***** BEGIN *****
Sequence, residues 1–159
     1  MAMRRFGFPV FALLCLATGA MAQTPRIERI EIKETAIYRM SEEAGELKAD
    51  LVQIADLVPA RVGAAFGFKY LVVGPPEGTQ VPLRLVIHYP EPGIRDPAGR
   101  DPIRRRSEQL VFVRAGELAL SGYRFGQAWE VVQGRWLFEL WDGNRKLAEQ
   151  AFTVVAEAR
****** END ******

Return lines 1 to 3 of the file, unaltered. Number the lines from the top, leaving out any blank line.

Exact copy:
Sequence, residues 1–159
     1  MAMRRFGFPV FALLCLATGA MAQTPRIERI EIKETAIYRM SEEAGELKAD
    51  LVQIADLVPA RVGAAFGFKY LVVGPPEGTQ VPLRLVIHYP EPGIRDPAGR